What is Euratom?
Fusion research in Europe is organised through a coordinated programme which makes effective use of all the knowledge and resources. This programme is managed by the European Commission under the auspices of the Euratom Treaty – one of the founding Treaties of the European Communities signed in 1957. This joint approach has allowed the development of the largest and most successful fusion experiment in the world – JET (the Joint European Torus) which has formed the basis for the design of ITER and started out as a Joint Undertaking similar to 'Fusion for Energy'.
What is ITER?
ITER, meaning “the way” in latin, is a major international experiment with the aim of demonstrating the scientific and technical feasibility of fusion as an energy source. It will be 30 times more powerful than the Joint European Torus (JET) which is currently the largest comparable experiment operating in the world. ITER will allow scientists and engineers to develop the knowledge and technologies needed to develop demonstration electricity producing fusion power stations.
Who are the Seven Parties to ITER?
The seven international Parties that are co-operating to develop ITER are: China, EU, India, Japan, Russia, South Korea, and the United States. Collectively the parties taking part in the ITER Project represent over one half of the world’s population and a diverse range of economies. The ITER Agreement is open for accession by or co-operation with other countries that have demonstrated a capacity for specific technologies and knowledge and are ready to contribute to the project.
Why is it important to undertake this project with seven international Parties?
It is a very important step to bring together the most advanced nations in the world to co-operate in the development of a major potential new technology. The challenges of the ITER project require the best technological and scientific expertise, which can best be harnessed by pooling resources globally. By working together, the seven parties are committing themselves to a global response to a global challenge – assuring sustainable energy resources. By ensuring the best possible knowledge is put into ITER, it will be all the more likely that a viable energy source will emerge at the end of the project. In view of the importance of sustainable energy supply for the world’s economic development, it is fitting that the ITER Parties now represent more than half of the world’s population.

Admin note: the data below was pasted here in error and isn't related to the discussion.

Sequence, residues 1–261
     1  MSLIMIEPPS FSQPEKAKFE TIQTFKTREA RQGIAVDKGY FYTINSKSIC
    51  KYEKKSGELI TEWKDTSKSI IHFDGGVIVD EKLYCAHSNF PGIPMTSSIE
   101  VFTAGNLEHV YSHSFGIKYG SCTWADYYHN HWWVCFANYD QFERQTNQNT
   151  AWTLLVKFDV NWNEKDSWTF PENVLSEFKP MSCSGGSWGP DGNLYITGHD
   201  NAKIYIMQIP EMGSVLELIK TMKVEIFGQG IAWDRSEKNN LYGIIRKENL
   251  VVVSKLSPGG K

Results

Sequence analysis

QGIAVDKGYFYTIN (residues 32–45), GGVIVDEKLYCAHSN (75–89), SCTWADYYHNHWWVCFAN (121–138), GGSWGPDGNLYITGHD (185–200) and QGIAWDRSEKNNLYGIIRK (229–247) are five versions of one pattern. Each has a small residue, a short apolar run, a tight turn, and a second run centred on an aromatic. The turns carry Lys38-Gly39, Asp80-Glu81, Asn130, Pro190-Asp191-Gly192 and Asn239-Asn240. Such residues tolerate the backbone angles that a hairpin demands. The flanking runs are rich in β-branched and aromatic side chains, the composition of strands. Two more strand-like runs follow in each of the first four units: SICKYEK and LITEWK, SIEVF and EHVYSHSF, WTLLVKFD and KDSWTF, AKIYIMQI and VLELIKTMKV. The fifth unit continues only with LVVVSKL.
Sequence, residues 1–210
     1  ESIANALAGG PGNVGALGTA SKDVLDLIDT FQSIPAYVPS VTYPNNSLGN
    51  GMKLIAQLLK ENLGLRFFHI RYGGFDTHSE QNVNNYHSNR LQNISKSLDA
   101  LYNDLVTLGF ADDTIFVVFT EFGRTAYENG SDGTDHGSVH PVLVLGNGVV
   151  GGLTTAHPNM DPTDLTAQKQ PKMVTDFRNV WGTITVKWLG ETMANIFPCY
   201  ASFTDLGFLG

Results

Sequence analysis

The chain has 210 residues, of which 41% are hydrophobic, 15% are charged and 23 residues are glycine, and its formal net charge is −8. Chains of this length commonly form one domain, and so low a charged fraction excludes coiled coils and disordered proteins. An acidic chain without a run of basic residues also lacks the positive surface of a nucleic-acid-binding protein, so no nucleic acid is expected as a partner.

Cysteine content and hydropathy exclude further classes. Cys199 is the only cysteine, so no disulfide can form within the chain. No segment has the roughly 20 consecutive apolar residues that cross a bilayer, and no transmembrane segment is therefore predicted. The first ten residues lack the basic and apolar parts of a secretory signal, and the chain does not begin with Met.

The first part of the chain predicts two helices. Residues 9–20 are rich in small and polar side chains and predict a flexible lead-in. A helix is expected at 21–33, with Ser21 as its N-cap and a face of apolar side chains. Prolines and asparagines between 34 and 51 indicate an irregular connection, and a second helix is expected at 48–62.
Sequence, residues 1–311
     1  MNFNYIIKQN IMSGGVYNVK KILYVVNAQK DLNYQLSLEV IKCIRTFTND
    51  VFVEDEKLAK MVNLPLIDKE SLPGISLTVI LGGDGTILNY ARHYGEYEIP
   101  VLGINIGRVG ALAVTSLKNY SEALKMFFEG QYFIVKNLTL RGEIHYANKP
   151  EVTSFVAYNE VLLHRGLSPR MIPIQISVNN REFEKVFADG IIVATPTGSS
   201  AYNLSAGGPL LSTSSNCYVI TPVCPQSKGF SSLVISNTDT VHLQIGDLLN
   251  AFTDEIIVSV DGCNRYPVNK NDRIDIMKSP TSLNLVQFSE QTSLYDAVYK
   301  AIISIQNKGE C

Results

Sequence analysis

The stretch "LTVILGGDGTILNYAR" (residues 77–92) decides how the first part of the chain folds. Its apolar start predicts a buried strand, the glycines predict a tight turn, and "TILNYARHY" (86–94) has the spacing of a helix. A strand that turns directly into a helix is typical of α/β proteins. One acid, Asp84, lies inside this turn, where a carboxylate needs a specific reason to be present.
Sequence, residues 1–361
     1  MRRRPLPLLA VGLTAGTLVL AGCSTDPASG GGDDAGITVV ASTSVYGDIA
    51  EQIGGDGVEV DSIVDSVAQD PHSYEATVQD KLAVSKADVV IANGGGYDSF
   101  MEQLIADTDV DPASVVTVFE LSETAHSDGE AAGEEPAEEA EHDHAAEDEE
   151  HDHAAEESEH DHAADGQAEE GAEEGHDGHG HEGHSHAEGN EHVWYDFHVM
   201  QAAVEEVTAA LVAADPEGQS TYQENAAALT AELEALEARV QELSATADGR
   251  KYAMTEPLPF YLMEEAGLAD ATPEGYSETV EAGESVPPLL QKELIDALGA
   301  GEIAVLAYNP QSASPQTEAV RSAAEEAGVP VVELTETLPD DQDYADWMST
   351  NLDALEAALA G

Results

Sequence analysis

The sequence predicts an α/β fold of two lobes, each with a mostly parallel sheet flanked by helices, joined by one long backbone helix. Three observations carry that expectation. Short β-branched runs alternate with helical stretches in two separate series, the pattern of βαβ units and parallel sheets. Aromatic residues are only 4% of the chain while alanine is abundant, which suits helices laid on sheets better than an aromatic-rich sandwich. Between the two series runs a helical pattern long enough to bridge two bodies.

How will ITER be financed?
The ITER project will be undertaken by the ITER Organisation established by the ITER Agreement. The members of the Organisation will be the Parties to the Agreement; who will together bear the costs of ITER. For the construction of the ITER device, most of the components will be contributed by the members “in kind” (i.e. by providing directly the components themselves, rather than the financing for them). The EU as host Party will contribute up to about 50% of the construction costs and the other parties will each contribute up to 10%.
Is ITER a good investment?
ITER is financed by seven parties, including the EU with its 27 member states. The cost of the project, spread over more than 30 years between these seven partners, is modest with respect to research expenditure in each party. In the EU for example, it is less than the budget for the effort in the renewable energies. It is a drop in the ocean compared to the market of the energy in the world, which is today about 3000 billion dollars per year. ITER is a research programme and so by definition its results cannot be guaranteed. But the progress made in fusion in recent years and the wide-ranging studies made for ITER offer high confidence in its success. For instance, extrapolations of ITER performance are based on observations over more than three orders of magnitude and prototypes of the main components for ITER have been successfully built and tested to validate the main technologies involved in ITER.
What are “in kind” contributions used for ITER and how will it work?